Miidera Temple Otsu
Miidera Temple (aka Onjoji), near Otsu in Shiga Prefecture was founded in 672 during the Nara Period of Japanese history. There are over 40 buildings in this large Tendai temple complex.
Miidera Temple (Nagarasan Onjoji), Shiga 三井寺 (園城寺)
The grand Niomon, guardian gate, rebuilt in 1452, at the entrance to Miidera Temple
The Kondo, main hall of Miidera Temple, is rightfully classified as a National Treasure. Built in 1599 to replace the original that was built in 672 and destroyed by Hideyoshi
Also known as Onjoji, Miidera, is located at the foot of Mt. Hiei on the other side of the mountain from Enryakuji Temple. The temple is also just inland from Lake Biwa, Japan's largest lake. Miidera is the fourteenth temple in the Pilgrimage of 33 Temples (Saigoku Kannon Junrei) devoted to Kannon in the Kansai area of western Japan.
Miidera and Enryakuji, both Tendai sect temples, were once bitter rivals and sohei (warrior monks) from both temples engaged in violent conflict with each other.
Miidera Temple, Otsu, Shiga Prefecture, Japan
Buddhist statues, Kon-do (Main Hall), Miidera Temple
History of Miidera Temple
According to the legend, Miidera was founded by the Emperor Tenmu in honor of his brother, a previous emperor Tenji. Tenmu had seized the throne by defeating Emperor Kobun (Otomo), the son of Tenji, after marching on the then capital Omikyo (present-day Otsu city.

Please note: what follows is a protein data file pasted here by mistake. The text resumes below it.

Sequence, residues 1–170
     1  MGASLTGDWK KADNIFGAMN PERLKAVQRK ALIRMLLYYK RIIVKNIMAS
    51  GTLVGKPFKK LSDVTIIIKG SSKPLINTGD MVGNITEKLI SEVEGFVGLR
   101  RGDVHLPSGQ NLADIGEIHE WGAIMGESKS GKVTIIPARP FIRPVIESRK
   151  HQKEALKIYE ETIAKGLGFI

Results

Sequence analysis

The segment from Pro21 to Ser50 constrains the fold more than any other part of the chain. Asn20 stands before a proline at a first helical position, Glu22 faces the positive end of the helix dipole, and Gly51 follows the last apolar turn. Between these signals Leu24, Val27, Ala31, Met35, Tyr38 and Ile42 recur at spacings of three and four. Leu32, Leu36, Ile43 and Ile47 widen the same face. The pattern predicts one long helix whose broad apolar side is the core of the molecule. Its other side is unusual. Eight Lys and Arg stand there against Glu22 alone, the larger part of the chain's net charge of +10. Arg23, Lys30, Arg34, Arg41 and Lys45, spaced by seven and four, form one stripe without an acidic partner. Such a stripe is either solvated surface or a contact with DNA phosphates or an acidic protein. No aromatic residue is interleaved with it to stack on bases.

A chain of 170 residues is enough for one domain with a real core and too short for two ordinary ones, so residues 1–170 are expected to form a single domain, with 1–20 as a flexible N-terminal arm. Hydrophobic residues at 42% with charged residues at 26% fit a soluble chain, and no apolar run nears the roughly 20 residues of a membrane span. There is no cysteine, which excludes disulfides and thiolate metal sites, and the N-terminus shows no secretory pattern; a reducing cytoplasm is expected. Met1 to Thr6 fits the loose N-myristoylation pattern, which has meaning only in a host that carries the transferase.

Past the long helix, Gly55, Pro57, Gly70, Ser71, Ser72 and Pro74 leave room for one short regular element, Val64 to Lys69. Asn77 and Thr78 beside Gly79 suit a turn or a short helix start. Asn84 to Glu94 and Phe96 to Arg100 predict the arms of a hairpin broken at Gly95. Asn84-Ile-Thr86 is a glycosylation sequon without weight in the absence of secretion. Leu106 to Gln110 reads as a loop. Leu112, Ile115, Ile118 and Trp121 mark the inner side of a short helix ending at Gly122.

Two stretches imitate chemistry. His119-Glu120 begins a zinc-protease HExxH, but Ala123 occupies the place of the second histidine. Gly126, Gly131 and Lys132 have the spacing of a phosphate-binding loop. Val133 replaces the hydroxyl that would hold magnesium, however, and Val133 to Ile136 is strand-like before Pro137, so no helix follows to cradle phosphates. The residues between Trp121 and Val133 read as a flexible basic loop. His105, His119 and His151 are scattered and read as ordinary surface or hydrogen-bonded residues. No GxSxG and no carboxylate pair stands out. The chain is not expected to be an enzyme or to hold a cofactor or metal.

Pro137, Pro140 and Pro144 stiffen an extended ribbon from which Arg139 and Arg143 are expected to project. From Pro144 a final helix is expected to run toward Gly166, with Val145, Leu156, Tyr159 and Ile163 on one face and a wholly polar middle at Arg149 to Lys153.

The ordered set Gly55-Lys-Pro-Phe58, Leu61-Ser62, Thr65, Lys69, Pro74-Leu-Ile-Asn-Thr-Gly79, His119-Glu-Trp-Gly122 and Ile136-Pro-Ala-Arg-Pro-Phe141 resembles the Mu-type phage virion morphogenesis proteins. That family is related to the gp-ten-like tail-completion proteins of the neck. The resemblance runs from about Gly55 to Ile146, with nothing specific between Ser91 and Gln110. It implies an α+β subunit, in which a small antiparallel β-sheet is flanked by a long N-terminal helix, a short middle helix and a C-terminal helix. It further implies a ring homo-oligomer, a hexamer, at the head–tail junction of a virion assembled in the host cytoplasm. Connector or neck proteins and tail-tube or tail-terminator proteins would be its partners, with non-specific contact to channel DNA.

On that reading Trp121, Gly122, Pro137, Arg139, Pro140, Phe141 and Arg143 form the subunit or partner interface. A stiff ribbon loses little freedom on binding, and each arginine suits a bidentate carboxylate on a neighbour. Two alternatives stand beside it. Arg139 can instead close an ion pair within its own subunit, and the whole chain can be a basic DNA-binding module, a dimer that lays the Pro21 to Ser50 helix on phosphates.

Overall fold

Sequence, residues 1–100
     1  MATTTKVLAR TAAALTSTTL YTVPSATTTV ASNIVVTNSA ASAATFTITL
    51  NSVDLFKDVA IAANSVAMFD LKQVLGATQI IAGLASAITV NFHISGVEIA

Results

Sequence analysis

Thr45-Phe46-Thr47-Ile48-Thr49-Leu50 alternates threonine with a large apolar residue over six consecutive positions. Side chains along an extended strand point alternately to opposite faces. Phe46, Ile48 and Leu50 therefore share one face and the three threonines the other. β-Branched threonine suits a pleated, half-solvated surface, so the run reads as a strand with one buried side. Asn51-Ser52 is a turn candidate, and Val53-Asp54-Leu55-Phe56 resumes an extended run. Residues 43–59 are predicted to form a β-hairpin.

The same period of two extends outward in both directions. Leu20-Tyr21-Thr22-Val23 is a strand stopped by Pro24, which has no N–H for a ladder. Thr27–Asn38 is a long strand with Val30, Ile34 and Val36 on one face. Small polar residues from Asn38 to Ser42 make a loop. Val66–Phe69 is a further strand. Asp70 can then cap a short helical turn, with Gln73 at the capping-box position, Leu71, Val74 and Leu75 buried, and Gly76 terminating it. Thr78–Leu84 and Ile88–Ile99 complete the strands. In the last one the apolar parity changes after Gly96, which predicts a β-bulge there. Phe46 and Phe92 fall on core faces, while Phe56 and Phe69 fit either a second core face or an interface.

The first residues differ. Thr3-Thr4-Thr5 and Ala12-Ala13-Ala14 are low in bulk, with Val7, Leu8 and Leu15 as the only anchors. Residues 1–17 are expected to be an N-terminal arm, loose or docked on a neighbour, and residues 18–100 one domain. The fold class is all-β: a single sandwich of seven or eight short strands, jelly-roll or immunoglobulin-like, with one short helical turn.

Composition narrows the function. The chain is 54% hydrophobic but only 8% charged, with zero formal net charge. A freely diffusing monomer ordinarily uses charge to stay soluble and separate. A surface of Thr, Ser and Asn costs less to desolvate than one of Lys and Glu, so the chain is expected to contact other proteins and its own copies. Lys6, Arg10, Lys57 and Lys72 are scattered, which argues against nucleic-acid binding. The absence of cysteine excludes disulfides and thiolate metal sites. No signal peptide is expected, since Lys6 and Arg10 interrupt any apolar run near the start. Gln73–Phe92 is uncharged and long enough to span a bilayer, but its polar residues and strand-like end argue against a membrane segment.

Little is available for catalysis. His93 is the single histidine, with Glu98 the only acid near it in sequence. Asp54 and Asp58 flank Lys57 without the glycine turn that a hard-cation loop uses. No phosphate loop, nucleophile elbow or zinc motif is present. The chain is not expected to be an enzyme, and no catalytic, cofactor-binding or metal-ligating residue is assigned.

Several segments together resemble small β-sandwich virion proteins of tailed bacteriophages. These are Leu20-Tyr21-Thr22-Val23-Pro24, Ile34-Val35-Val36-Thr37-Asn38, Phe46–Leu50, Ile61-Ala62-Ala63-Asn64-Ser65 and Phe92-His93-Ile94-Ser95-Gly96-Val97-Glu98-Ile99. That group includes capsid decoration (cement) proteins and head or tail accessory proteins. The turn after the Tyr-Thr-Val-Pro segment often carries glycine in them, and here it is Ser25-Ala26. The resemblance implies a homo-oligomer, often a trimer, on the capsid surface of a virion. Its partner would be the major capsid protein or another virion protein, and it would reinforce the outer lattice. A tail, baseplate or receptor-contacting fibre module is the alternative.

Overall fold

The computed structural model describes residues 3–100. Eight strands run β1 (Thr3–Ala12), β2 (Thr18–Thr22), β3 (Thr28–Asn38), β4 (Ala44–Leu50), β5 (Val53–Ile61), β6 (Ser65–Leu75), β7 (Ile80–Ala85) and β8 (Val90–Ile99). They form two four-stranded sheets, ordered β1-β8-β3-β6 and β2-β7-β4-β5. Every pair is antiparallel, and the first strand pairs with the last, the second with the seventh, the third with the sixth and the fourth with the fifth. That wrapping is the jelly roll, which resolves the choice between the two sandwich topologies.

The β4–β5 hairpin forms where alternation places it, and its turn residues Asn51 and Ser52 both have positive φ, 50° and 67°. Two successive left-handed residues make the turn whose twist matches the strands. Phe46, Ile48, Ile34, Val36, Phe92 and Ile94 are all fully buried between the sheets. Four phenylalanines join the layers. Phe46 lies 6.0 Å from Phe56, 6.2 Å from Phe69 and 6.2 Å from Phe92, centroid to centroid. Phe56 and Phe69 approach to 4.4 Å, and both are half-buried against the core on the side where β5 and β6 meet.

The temple was originally named Onjoji and was named Miidera ("Temple of Three Wells") by the priest Enchin (814-891) about two hundred years later.
Indeed it was under the abbot-ship of Enchin that Miidera grew in power and status as one of the "four largest temples in Japan." The others being nearby Enryakuji along with Todaiji and Kofukuji in Nara. These temples were considered the protectors and spiritual guardians of the nation.
It was at this time that Miidera and Enryakuji fell out over prestige and ranking, forming two factions of the Tendai sect - Jimon (followers of Enchin) and Sanmon (followers of Ennin).
This schism began a period of conflict that led to Miidera being burned to the ground several times by monks from its rival. Each time the temple was rebuilt earning it another name as the "Phoenix Temple."
In 1571, warlord Oda Nobunaga led a 30,000-strong army from his central Japan base and destroyed Enryakuji and much of Miidera as well. His successor Toyotomi Hideyoshi also destroyed the Main Hall (Kon-do or Golden Hall).
Miidera was later rebuilt after Nobunaga's and Hideyoshi's deaths and many of the oldest buildings thus date from the late sixteenth and early seventeenth century.
Main Buildings At Miidera
The Kon-do or Main Hall dates from 1599 and contains many statues of the Buddha. The building is a National Treasure and has a cypress bark irimoya (hip and gable) roof.
The Niomon Gate survived the early destruction and was restored with financial help by Tokugawa Ieyasu.
The large Amida-do Temple was built in 1937 and contains an image of the Amida Buddha.
The Issaikyo-zo; Inside is a repository containing copies of all the Buddhist sutras
Buddhist scriptures stored in the Issaikyo-zo
The Akaiya gives the temple its name of "Three Wells". It was from this spring that the Emperor Tenmu, Emperor Tenchi and Empress Jimei all received their first ritual baths. The wooden structure dates from 1600.